What would the world’s most famous skylines look like without the influence of immigration? Financial services provider Remitly has produced a collection of striking images that reveal what cities around the world would look like if buildings designed by architects from outside of the country in question were removed.
London, New York City, Sydney, Paris and Shanghai would all look very different – the drastically changed skylines celebrate the importance of foreign influences on the places we call home, with notable buildings from the Shard to Brooklyn Bridge and Sydney Opera House having been designed by people born in other countries. In total, research of 200 notable buildings across 15 cities found that 64% were designed by immigrants and those from abroad.
Italian architects had a major part to play in the development of the London skyline, with Italian-born Richard George Rogers designing The Leadenhall Building and Renzo Piano credited for famed skyscraper The Shard and The News Building. Argentine-American César Pelli is also responsible for more than one building in this skyline, as One Canada Square and the Citigroup Centre are both his works of art. Swiss Architect Richard Seifert and Uruguayan Rafael Vinoly are responsible for the designs of Tower 42 and 20 Fenchurch street respectively, and Indian Sunand Prasad was tasked with reskinning hospital Guy’s Tower. The work of British architects also features heavily in London, with St. Paul’s Cathedral, Big Ben, The London Eye, Tower Bridge and Buckingham Palace all designed by Brits.
New York City
New York’s world renowned and politically moving Statue of Liberty was designed by Frenchman Frederic Auguste Bartholdi, acting as an emblem for immigrants and originally hosting the Immigration Museum. This global influence continues through the skyline, with Slovakian architect Emery Roth becoming highly influential on this New York skyline, with 55 Water Street, 200 Water Street, 111 Wall Street and the MetLife Building coming to life from his designs. The Empire State Building, the world’s tallest building at the time, was built by Canadian and American firm Shreve, Lamb and Harmon; whilst the iconic Brooklyn Bridge was created by John Augustus Roeblind from Germany. Finally, architects including Brit Rogers Strick Harbour and Japanese architect Fumihiko Maki have helped to rebuild the skyline of Lower Manhattan’s Financial District, following the tragic events of 9/11, having designed the likes of 3 and 4 World Trade Center.
Paris is famed as the city of love, and no doubt architecture plays a major part in creating the enchanting atmosphere the city affords. Although many of the buildings in Paris were the work of French architects, such as the Eiffel Tower, Arc de Triomphe and the Notre Dame Cathedral, foreign architects also had a major role to play in the development of dreamy Parisian skylines. Notably, La Grande Arche de la Defense, arguably the most recognisable building in the La Defense skyline, was designed by Johan Otto von Sprecklesen from Denmark. Americans have the most influence on this skyline, with American firm Skidmore, Owings and Merrill credited for the Tour Areva and Defense Plaza. In addition, The Carpe Diem was created by firm Robert Stern and The Tour CB21 (formerly Tour Gan) by celebrated architect Max Abramotivz, both of American origin. Master Chinese architect Ieoh Ming Pei is the only Asian architect to influence this skyline, with his design coming to life in the Tour EDF. Other notable Parisian buildings built by foreign architects include the Opera Bastille and Centre Pompidou.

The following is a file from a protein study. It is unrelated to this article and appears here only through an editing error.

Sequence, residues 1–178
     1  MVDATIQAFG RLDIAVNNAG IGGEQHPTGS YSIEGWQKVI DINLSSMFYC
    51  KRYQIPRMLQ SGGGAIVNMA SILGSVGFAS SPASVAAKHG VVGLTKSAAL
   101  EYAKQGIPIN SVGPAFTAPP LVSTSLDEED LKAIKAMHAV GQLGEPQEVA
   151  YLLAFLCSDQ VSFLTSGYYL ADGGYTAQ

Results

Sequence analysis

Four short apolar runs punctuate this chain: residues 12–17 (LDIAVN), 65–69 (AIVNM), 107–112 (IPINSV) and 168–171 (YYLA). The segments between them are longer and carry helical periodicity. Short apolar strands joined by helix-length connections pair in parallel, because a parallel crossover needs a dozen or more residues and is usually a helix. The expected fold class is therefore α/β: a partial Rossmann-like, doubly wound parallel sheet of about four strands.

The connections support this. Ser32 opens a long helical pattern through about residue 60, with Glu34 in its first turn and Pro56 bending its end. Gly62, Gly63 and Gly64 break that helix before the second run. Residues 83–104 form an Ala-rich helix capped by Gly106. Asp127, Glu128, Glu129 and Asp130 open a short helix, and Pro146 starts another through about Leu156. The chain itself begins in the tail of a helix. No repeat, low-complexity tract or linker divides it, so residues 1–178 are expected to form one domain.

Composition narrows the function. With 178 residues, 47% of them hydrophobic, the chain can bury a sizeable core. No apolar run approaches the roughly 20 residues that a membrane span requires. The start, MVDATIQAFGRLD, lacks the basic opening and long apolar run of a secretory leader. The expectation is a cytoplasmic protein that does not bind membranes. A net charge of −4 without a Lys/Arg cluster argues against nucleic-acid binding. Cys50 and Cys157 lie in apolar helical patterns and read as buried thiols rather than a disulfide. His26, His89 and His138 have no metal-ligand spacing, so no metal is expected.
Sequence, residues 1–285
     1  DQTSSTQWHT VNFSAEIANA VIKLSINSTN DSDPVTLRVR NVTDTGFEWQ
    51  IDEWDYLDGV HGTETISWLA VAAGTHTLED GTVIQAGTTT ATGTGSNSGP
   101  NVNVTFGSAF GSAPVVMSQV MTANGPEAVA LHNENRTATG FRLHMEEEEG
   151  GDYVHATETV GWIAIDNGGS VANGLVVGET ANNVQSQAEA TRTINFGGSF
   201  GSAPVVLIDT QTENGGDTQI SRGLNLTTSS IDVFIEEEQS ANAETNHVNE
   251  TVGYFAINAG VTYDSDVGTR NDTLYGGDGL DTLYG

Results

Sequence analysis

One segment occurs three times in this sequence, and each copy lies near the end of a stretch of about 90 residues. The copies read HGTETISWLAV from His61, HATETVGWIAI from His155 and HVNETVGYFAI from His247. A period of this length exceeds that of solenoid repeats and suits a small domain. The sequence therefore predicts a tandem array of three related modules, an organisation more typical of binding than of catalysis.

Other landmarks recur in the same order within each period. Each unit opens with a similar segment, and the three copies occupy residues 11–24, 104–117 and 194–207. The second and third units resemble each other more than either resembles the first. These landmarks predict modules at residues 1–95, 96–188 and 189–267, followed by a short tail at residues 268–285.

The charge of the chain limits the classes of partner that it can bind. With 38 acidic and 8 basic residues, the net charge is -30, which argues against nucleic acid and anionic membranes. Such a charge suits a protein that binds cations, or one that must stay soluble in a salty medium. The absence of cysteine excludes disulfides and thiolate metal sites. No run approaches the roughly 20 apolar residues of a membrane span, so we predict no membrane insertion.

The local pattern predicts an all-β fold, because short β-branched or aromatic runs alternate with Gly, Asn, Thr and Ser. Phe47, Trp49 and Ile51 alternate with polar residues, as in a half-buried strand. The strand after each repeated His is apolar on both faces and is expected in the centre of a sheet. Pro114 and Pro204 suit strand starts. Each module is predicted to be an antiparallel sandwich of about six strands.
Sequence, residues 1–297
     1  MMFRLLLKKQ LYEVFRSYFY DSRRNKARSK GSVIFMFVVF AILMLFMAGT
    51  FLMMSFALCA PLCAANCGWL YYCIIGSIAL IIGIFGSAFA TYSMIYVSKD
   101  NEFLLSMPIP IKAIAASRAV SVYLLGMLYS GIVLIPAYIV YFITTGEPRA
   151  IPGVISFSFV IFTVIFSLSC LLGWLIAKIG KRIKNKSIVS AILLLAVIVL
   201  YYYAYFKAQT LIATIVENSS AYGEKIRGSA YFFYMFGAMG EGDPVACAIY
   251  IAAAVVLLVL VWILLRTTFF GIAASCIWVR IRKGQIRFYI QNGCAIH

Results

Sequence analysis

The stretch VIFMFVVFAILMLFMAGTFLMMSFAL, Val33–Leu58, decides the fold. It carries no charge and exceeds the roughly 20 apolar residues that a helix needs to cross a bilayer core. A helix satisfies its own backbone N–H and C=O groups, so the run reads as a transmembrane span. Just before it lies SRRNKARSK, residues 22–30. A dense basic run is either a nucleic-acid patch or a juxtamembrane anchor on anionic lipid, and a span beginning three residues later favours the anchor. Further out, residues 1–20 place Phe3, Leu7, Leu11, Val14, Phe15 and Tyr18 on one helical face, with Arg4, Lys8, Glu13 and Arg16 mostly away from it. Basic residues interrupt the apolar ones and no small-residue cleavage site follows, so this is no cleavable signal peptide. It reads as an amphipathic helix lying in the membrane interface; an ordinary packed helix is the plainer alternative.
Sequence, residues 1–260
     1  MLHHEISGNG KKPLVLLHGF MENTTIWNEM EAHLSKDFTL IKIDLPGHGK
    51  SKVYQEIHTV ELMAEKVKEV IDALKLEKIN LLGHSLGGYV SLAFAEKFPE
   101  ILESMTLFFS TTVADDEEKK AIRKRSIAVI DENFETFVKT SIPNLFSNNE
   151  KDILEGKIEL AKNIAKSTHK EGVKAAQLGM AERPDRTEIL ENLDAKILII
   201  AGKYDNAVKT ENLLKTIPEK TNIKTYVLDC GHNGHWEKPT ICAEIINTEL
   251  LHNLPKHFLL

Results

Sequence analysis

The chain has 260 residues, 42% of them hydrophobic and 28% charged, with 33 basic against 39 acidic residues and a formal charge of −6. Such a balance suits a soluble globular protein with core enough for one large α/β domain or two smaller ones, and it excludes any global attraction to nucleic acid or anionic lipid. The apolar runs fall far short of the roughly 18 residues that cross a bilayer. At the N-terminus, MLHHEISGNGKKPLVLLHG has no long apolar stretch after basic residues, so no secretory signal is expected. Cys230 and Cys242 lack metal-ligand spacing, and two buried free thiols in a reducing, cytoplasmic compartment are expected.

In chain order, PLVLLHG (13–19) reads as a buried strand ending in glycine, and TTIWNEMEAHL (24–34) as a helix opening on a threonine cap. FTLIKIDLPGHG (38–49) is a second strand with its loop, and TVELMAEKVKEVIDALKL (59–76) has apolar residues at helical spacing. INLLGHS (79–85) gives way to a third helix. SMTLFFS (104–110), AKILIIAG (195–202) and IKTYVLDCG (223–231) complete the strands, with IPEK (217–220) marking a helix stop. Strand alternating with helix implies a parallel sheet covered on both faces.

The Sydney Opera House and the Sydney Harbour Bridge render this one of the most recognisable skylines in the world, and interestingly it was Danish architect Jorn Utzon who designed the former, whilst British firm Dorman Long created the latter. In fact, due to Australia’s colonial history, the work of British architects features regularly in this skyline: Peddle Thorp Walker designed both the Gateway Plaza (1 Macquarie Place) and the AMP Centre; British firm Joseland and Gilling are responsible for Suncorp Place, and Norman Foster created Deutsche Bank Place. Italian Renzo Piano’s work makes another appearance, this time for Aurora Place, whilst French Jean Nouvel created One Central Park. Canadian-American Frank Gehry was responsible for the Dr Chau Chak Wing Building, however Australian architects also influenced the skyline through buildings such as Governor Phillip Tower, Shangri-la Hotel, Sydney Tower and the Powerhouse Museum.
The Pudong skyline is one of the most iconic, modern skylines in the world. Whilst the Oriental Pearl Tower and the Jin Mao Tower were designed by Chinese nationals, the distinctive Shanghai Tower was created by American Marshall Strabala and the Shanghai World Financial Centre (also known as The Bottle Opener) was the work of American firm Kohn Pedersen Fox. Kohn Pedersen Fox were also credited with Shanghai Wheelock Square and fellow American firm Callison designed Grand Gateway Shanghai I & II. Although American architecture makes up a significant portion of Shanghai’s skyline, the work of Japanese architects is also reflected in the Bank of China Tower, Aurora Plaza and One Lujiazui – all by Japanese firm Nikken Sekkei. Canadians were involved in the K11 via Bregmann & Hamann, and Argentine-American Cesar Pelli & Associates designed the Shanghai IFC.